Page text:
Differential diagnosis of small solid pancreatic lesions

Post written by Christoph Frank Dietrich, MD, PhD, from the Medical Department at Caritas Krankenhaus, Bad Mergentheim, Germany

With the ever growing number of cross sectional imaging, the incidental detection of small solid pancreatic tumors also increases. Until now, the general rule for the management of such pancreatic tumors has been radical surgery if considered resectable and if the patient’s fitness and comorbidities did not present contraindications.  Current guidelines and international consensus recommend radical surgery for all solid pancreatic tumors as presence of pancreatic ductal adenocarcinoma is assumed. Attempting histologic or cytologic verification before surgery is not advised.

However, from our experience, we had noted that many small solid pancreatic tumors turned out not to be adenocarcinoma. Therefore, we set up a multicenter study to determine the etiology of small solid pancreatic lesions (SPL) (≤ 15 mm) to optimize the clinical management. Without preoperative diagnosis, an unacceptably large proportion of these patients would be exposed to radical surgery with significant mortality and morbidity.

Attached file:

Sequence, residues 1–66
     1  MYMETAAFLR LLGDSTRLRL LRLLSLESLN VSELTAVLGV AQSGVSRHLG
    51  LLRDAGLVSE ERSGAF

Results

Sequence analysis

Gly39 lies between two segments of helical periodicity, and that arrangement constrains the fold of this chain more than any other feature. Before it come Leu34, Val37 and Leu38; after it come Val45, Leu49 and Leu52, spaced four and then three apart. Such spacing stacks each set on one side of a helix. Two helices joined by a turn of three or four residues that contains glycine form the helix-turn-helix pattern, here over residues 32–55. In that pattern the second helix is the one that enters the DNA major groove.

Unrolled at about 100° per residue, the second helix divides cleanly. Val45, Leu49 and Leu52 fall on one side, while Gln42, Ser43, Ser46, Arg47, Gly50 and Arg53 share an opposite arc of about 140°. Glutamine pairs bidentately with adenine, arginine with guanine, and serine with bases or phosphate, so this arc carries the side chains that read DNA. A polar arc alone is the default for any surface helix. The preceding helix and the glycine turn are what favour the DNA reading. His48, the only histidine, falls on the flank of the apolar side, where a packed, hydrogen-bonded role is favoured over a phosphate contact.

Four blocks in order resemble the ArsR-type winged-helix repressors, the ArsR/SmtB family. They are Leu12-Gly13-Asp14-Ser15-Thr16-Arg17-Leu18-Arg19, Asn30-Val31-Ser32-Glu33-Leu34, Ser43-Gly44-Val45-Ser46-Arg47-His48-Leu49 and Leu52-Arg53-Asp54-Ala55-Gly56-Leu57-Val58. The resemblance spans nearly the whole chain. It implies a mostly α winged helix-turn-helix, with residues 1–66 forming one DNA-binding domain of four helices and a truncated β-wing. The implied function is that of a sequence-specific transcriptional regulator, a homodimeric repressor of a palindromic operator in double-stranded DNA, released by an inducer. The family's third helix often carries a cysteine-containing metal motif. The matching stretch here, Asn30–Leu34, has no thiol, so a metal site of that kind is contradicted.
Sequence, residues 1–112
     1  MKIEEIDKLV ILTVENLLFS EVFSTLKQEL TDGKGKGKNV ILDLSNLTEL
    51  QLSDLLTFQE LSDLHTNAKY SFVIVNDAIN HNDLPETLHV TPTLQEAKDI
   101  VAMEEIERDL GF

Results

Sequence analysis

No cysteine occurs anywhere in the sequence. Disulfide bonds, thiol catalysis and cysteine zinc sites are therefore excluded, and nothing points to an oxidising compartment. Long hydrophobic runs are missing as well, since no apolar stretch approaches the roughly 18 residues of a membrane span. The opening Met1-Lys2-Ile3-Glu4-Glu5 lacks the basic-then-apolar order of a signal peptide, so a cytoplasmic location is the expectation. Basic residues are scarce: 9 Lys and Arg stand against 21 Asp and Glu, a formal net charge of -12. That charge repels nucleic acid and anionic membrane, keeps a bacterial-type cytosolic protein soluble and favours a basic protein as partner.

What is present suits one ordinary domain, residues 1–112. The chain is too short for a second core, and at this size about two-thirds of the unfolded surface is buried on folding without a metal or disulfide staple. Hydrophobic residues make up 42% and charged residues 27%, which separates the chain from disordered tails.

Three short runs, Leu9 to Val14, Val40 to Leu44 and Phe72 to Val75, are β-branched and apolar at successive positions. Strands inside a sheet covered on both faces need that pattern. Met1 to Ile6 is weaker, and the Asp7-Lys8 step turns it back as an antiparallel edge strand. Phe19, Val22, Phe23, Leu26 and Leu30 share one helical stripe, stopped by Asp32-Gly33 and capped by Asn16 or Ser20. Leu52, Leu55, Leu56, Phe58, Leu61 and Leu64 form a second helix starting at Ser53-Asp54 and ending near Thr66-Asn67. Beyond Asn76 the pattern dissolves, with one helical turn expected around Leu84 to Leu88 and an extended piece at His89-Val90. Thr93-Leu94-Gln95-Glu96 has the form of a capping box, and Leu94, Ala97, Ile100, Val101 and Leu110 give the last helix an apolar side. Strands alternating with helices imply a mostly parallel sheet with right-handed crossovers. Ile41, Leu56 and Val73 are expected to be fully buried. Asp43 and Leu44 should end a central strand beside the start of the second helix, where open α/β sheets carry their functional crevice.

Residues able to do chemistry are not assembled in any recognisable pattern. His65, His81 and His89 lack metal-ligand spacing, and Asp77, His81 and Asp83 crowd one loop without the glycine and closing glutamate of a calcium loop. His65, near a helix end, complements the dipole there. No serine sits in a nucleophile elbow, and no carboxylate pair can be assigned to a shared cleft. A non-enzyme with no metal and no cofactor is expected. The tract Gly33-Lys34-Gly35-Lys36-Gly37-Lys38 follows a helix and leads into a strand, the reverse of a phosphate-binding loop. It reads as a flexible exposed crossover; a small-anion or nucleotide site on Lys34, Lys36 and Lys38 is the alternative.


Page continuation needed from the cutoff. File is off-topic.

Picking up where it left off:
Figure 1. A, Small pancreatic lesions with slight enlargement of Wirsungianus duct next to the lesion as a sensitive sign of ductal adenocarcinoma. B, Contrast-enhanced EUS showed a hypoenhancing lesion.

In our study, the majority of small solid pancreatic tumors of less than 15 mm (63%) were not pancreatic ductal adenocarcinoma and, therefore, in most cases would not require radical pancreatic surgery.  In our cohort of 394 small solid pancreatic tumors (

Future prospective studies should focus on the characterization of small solid pancreatic tumors using modern advanced ultrasound imaging techniques and EUS-guided sampling techniques to avoid unnecessary radical surgery in patients without adenocarcinoma. While large solid pancreatic tumors are more likely to be considered for direct surgery, the finding of small solid pancreatic tumors should prompt further investigation before surgery to determine the etiology of the lesion. Contrast enhanced endoscopic ultrasound seems the most suitable imaging modality to guide further management. Especially in patients with iso- or hypervascularized SPL ≤ 15 mm, tissue diagnosis should be attempted by performing EUS-guided sampling.

Find the article abstract here.

The information presented in Endoscopedia reflects the opinions of the authors and does not represent the position of the American Society for Gastrointestinal Endoscopy (ASGE). ASGE expressly disclaims any warranties or guarantees, expressed or implied, and is not liable for damages of any kind in connection with the material, information, or procedures set forth.

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